The interview was the very next day, 6 May 1989, so I could not have cancelled it even had I wanted to but I did have a disturbed night’s sleep. In fact, I was positively curious to go and find out what was really going on. I knew I could always decline the job if it was offered, without betraying the confidence of my friend at MOD. Coincidentally, I knew the date was exactly 24 years to the day after the very first Red Arrows' public display: irrelevant, of course, but I thought it might be useful to drop that snippet into the conversation during the interview.
As I was in a downstairs office in Station Headquarters at Scampton waiting to be summoned before the Board, I was handed yet another version of the job description – the third one! Scrawled on the top of the latest document, a handwritten note said, “Mr Cunnane: for your information before the interview”. Reading quickly through the document, it was obvious that someone had been told to collate selected elements from the two job descriptions I had seen earlier and then type them into a new document. Editorially, the result was a botched job.
That third job spec seemed to be based on an inverted command pyramid. The incumbent would report to three different Bosses: The Commandant of the RAF Central Flying School; the Station Commander at RAF Scampton; and the Officer Commanding the RAF Aerobatic Team – that being the official name for the Red Arrows. The post title had also been changed, to ‘RAF Scampton Public and Community Relations Officer’, which seemed tautological anyway. Significantly, there was no mention of low flying complaints! It seemed I was wanted – but by whom and to do what?
The first paragraph of the Job Spec stated that the appointed officer would be responsible to the Commandant of CFS for the coordination of “visits by Royalty and senior overseas military personnel to CFS.” The second heading stated that the successful applicant would be responsible to the Station Commander for running visits to the station “by ex-serving members of previous resident squadrons including 617 Squadron, for liaison with the local media, administration of Command sponsored functions eg aerobatic competitions, and involvement in station charities.” The third paragraph stated that: “The appointed officer will be responsible to the Red Arrows’ Team Leader for the coordination of visits to the Red Arrows, liaison with the media on all matters concerning Team visits, lectures, celebrity flying, and all media matters concerning aircraft accidents and incidents.” At that time, the Red Arrows had just been through a bad patch, with a series of spectacular accidents that had attracted much media attention and dented their public image.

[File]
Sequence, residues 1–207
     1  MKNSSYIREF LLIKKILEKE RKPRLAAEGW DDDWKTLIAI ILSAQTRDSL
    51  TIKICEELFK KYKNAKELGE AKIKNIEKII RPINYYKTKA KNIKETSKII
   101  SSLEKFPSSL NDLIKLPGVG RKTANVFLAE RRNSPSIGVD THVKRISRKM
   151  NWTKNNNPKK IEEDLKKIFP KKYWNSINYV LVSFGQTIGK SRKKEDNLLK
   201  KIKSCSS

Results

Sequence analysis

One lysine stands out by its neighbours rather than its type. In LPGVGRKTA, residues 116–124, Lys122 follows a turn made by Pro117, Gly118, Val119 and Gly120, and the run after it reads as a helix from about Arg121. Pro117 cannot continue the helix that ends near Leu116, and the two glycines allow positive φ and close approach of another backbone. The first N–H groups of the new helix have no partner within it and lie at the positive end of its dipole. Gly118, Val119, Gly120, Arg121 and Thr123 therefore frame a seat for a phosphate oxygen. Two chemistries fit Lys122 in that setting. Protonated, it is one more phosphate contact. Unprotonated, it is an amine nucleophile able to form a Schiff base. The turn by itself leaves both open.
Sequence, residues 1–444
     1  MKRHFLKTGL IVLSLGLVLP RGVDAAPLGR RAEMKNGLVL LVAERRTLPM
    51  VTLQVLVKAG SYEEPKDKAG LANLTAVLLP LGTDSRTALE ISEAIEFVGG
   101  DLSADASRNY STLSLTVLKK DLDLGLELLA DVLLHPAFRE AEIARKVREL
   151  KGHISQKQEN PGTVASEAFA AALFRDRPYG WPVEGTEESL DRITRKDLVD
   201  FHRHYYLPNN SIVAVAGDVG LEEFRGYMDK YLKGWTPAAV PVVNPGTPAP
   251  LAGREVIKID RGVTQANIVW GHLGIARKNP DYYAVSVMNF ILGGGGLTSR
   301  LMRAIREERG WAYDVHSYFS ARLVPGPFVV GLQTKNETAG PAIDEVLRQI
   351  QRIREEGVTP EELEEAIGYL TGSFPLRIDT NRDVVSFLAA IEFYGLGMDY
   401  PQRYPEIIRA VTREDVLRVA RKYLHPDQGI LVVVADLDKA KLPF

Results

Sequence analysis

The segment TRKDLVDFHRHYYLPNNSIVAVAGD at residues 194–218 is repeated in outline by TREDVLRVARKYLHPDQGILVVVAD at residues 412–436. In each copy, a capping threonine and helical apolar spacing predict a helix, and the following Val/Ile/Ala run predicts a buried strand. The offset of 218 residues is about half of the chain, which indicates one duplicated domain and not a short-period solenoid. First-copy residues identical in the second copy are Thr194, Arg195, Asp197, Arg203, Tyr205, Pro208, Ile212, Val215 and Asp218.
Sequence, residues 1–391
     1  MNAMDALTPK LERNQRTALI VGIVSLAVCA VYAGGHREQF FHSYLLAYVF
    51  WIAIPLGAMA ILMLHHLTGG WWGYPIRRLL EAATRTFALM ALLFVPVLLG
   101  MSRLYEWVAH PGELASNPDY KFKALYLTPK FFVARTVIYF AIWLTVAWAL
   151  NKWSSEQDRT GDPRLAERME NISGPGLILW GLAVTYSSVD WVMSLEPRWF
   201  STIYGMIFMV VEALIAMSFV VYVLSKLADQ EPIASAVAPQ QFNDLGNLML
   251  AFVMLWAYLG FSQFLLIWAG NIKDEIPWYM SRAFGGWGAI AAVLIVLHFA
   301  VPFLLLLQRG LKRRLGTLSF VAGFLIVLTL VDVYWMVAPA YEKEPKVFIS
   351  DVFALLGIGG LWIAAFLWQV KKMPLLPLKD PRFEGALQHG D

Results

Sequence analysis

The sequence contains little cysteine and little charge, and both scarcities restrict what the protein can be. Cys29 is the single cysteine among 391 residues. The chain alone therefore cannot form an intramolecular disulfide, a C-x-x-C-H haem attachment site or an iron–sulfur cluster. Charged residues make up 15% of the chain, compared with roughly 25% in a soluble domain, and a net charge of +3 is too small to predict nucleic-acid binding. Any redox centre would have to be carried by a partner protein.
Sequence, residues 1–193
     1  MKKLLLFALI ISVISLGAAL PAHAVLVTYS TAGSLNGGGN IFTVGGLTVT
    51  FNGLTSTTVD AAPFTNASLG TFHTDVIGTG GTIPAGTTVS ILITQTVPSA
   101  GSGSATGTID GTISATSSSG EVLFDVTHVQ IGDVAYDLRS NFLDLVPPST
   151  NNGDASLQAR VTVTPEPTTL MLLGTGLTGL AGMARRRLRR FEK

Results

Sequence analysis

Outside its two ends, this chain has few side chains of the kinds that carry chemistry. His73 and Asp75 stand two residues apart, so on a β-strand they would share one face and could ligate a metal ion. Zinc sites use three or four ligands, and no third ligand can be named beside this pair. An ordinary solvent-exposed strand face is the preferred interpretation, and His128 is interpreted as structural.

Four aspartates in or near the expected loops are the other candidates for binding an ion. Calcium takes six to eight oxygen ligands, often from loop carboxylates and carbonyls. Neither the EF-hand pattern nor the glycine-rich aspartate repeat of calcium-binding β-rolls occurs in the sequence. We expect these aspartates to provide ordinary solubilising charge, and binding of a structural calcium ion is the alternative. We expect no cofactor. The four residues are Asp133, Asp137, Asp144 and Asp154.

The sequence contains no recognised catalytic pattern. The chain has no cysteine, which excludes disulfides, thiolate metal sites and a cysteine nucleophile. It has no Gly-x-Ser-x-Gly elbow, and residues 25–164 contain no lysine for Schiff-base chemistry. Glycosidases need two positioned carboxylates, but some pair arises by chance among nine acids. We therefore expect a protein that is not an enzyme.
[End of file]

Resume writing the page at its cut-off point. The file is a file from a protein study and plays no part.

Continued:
However, before I had time to digest that third job specification properly, I was ushered upstairs into the interview room. There were three officers sitting in judgement on me: an officer from CFS HQ whose name now escapes me but who was presumably looking after the Commandant’s interests; Wing Commander John Dyer, who was OC Administrative Wing and was the Station Commander’s representative; and Squadron Leader Tim Miller, Red 1, Leader of the Red Arrows. Someone I had fully expected to be a member of the Interview Board in his professional capacity was missing: Keith Ansell, the Command Public Relations Officer. Keith was a long-serving professional civil servant employed by what was then called the Government Information Service. He had been the Command PRO in Strike Command when one of my short stories was read on the BBC in the 1970s; he had had to get MoD approval for my story to be broadcast.
Before being invited to sit down, I was scrutinised intently by the three ‘interrogators’. I felt rather like the little boy who was asked “When did you last see your Father?” in the WF Yeames’ painting that had so fascinated me at St James’ Junior School in the 1940s. “Why do you think you’re the right person for this appointment?” That was the Board Chairman’s very first question. I had, of course, pondered that very question between first hearing about the job and being invited for the interview: it is a standard question that appointment boards the world over frequently ask as an opener. (Young readers going for your first job interview, take note!) For a few seconds, I stared blankly at Tim and had a little panic. Was I really the right person? I had been worrying so much overnight about what my informant at MOD had told me that I had no answer ready for Tim’s question and I had to resort to waffle. It must have been obvious to the members of the Board that they had scored first. It was not a good start.
I can’t now remember anything more about the interview but barely three days later I had a letter from the Admin people at Scampton congratulating me, stating that I was ‘the successful candidate’, and asking when I could start. There was a form attached to the letter which had to be signed by my current Boss certifying that he was willing to let me go. That worried me. It had not occurred to me that John McMinn could quite legitimately refuse to release me, especially since there was no obvious replacement for me at Sealand. I could not delay any longer and I had to tell my Regional Commandant what I had done behind his back. He was indeed very hurt when I told him that I was planning on leaving Sealand, although I got a sneaky feeling that he had already heard through the MoD grapevine. How many other people had been talking about me, I wondered. He signed the form and I agreed to work a further three months so that the MoD system could advertise for, and appoint, a replacement for me at Sealand.